All study patients were assessed at three time points: before treatment initiation (baseline; T1), during chemotherapy, at least 6 weeks after baseline (T2), and after completion of chemotherapy, at least 12 weeks after baseline, (T3). Prior to chemotherapy initiation, each patient's demographic and clinical data were collected and verified through patient interviews and electronic medical records.
At each time point (T1, T2, and T3), patients completed a series of questionnaires to assess their cognitive function, behavioral symptoms, and quality of life. All assessments were administered by trained bilingual research assistants in either English or Chinese and took approximately 40 minutes to complete.
For self-perceived cognitive function, the Functional Assessment of Cancer Therapy–Cognitive Function (FACT-Cog) Version 3 is a validated questionnaire used to assess the impact on the patient's quality of life within the past 7 days.19 Items in the subscale were organized into the respective subdomains of mental acuity, concentration, memory, verbal fluency, functional interference, and multitasking.20 The responses were reverse-scored in which higher scores indicated better self-perceived cognitive function. Patients were defined as having self-perceived cognitive impairment at each time point if there was a reduction of 10.6 on the global FACT-Cog score relative to baseline (T2-T1 or T3-T1), based on the minimal clinically important difference (MCID) determined in patients with breast cancer.21 For each of the cognitive subdomain, a reduction of 15% in scores from baseline is considered as self-perceived cognitive impairment. This was determined a priori, based on the method of approach from other studies that have used FACT-Cog to evaluate perceived cognitive function.4, 5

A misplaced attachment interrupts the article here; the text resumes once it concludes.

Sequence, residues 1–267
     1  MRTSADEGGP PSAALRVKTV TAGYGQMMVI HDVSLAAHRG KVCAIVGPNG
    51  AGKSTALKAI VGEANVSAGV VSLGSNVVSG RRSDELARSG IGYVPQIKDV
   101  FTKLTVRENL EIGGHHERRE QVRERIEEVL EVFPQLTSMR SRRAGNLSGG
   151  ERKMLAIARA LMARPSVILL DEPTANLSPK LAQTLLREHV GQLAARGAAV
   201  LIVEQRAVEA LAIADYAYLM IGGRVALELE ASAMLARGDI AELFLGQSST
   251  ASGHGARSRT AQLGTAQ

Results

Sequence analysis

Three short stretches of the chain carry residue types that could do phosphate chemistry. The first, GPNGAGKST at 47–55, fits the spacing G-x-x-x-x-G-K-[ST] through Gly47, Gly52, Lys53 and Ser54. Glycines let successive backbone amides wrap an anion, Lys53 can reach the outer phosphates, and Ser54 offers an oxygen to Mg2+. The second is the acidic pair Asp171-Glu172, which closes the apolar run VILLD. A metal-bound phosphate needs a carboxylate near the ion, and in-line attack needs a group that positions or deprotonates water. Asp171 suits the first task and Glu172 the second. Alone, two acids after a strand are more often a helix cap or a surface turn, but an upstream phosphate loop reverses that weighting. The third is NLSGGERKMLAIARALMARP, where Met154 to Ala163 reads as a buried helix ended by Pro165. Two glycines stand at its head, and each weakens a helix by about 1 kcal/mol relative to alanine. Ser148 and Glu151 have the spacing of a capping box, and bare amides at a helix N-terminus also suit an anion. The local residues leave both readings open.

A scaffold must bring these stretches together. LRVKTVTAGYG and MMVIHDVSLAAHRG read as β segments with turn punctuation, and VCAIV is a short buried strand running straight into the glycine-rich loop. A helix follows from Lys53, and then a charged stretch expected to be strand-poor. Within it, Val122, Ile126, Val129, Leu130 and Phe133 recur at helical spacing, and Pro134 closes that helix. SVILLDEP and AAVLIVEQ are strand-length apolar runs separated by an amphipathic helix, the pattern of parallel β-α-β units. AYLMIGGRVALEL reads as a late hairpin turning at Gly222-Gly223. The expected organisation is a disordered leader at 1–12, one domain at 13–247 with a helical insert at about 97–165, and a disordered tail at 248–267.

For objective cognitive function, a computerized neuropsychological test, Headminder, was used to assess four domains: processing speed, response time, memory, and attention.22 In this study, patients were defined as having cognitive impairment at each time point for each cognitive domain if the Reliable Change Index (RCI) was lower than −1.5 relative to baseline (T2-T1 or T3-T1).3 The RCI accounted for practice effect and measurement error by considering the repeated normative mean and standard error of the difference.22
At each time point, the self-administered Brief Fatigue Inventory (BFI), Beck Anxiety Inventory (BAI), and the European Organization for Research and Treatment of Cancer Quality of Life Questionnaire (EORTC QLQ-C30) were also used to capture patients’ fatigue symptoms, anxiety symptoms, and health-related quality of life, respectively. The symptom scale of the EORTC was used to assess for insomnia in our patient cohort.
Quantification of Prechemotherapy Plasma DHEA(S) Levels
Prior to initiation of chemotherapy, blood (10 ml) was collected from each patient and stored in ethylenediaminetetraacetic acid tubes. The blood sample was centrifuged at 1069 × g for 30 minutes, and the plasma sample was stored in a −80°C freezer until sample analysis. Ultra–high-performance liquid chromatography–tandem mass spectrometry (UPLC-MS/MS) methods were developed and quantitatively validated for specificity, linearity, lower limit of quantification (LLOQ), accuracy and precision, matrix effect, and extraction recovery in accordance with the United States Food and Drug Administration's Bioanalytical Method Validation (May 2018)23 for the quantification of DHEA(S) levels in patient plasma (Table S1).